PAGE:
Listen to David Miliband in conversation in this podcast


Do you have a sense of how much time we have?

We now know that the disease is being recorded in the world's conflict hotspots. It’s being recorded in Syria, it's spiking in Afghanistan, it's being seen in Somalia. We're seeing that the conflict zones of the world – which, in the main, have the worst health systems and the greatest danger to public health – are now seeing recorded cases of the disease. So we're talking a matter of weeks before this disease, if unchecked, becomes really rampant.

Obviously the details of the epidemiology – and how climate and other factors affect it – has not yet been fully worked out by the scientists, but our message is an urgent and simple one. That, as well as focusing on the real needs that exist in advanced industrialized countries, we must tackle this disease before it becomes rife in displaced and poor communities around the world, because this is a disease of the connected world and we must address it as a connected world.

The UN is calling for $2 billion in emergency humanitarian aid, but as rich countries square up to this global recession, where's the money going to come from?

Well, money, we have discovered in the last few weeks, is one thing that we're not short of, because when governments determine that they will turn on the spigots in order to meet a crisis, money they can find. The tragedy is it's not being spent in a fair way, it's not being spent in the countries where the disease could run rampant. And while it’s right that the UN seeks to raise $2 billion – in the main for their own services – only $100 million of that goes towards the NGOs who’ve actually got the staff on the front line.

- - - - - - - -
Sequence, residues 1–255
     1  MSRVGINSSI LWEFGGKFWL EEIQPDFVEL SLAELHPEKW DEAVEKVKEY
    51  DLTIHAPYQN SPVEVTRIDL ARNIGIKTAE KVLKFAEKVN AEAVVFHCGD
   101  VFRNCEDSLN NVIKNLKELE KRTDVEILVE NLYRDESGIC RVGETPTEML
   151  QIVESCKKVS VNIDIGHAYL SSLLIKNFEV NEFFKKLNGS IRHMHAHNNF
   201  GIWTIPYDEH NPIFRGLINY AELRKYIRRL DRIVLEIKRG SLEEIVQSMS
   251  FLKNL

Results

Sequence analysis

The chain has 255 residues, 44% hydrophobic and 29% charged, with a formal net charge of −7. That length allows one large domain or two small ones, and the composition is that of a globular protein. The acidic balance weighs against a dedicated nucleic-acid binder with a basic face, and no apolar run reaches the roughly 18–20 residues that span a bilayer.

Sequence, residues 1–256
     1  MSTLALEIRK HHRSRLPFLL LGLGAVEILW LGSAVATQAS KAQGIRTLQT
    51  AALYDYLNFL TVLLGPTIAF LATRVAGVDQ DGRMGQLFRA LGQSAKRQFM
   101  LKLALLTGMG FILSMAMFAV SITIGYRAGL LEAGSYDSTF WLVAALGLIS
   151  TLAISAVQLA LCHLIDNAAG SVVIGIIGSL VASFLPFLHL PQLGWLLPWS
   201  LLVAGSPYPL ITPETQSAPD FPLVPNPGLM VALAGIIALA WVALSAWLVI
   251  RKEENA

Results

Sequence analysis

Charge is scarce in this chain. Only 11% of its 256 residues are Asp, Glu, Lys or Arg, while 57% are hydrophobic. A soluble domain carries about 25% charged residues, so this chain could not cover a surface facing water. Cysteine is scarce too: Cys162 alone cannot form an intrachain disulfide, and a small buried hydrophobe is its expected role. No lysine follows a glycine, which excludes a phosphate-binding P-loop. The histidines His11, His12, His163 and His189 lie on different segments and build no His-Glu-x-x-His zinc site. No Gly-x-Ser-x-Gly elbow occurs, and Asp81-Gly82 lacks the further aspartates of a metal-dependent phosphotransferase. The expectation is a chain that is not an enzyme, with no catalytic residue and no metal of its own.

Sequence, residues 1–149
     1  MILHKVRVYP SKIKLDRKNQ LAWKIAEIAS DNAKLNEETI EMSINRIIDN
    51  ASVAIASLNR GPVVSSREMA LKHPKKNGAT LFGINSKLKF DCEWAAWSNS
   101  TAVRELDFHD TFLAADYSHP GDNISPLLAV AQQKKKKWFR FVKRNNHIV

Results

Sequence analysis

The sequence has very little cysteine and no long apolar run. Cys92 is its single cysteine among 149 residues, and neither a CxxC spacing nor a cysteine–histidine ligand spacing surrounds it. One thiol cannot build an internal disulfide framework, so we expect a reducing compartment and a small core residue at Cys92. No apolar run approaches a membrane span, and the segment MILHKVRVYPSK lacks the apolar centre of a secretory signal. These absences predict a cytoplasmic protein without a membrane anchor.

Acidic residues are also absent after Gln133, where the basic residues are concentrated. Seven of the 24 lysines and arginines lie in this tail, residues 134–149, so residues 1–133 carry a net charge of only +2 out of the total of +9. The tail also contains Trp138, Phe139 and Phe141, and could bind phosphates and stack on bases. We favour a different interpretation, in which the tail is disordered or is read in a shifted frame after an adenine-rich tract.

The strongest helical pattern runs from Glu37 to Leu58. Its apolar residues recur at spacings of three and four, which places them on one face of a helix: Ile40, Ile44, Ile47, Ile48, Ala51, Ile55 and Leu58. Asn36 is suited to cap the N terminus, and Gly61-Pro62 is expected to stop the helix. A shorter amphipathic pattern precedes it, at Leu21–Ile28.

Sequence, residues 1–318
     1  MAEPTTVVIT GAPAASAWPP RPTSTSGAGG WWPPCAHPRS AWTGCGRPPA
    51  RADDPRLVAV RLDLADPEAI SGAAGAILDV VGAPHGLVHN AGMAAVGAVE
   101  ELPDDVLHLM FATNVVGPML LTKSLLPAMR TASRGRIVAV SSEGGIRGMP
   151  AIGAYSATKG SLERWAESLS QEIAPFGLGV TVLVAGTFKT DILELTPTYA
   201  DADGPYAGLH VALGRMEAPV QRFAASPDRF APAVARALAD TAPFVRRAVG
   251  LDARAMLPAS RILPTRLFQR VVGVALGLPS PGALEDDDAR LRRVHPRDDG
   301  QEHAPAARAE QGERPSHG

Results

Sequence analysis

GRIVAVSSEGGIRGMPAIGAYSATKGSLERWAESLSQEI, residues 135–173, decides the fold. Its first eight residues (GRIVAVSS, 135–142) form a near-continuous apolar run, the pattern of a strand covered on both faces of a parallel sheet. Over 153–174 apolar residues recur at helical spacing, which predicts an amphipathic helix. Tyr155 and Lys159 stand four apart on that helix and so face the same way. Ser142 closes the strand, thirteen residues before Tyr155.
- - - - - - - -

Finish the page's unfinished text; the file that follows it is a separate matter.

My appeal to governments around the world, but also to private individuals, to corporations, to foundations, is to remember that as a global human community we're only as strong as the weakest link in the chain. And the weakest links in this chain are in the conflict zones, they are in the poor states of the world.

So my appeal is a very simple one, that the people who are trusted on the frontline are those who have experience of infection prevention and control and have the confidence of local communities. We’ve learnt from Ebola that it’s trust that is the most precious commodity, not money. And if you and the corporations and foundations and governments of the world arm the NGOs with the resources to establish the handwashing stations, to establish the triage centres, to create the isolation units – even in areas where there is no proper infrastructure, even if you couldn’t isolate people there – we can get the job done to save people's lives.


What is the World Economic Forum doing about the coronavirus outbreak?

What can individuals to do to help? Which organizations should we be prioritizing, which camps should we be looking at?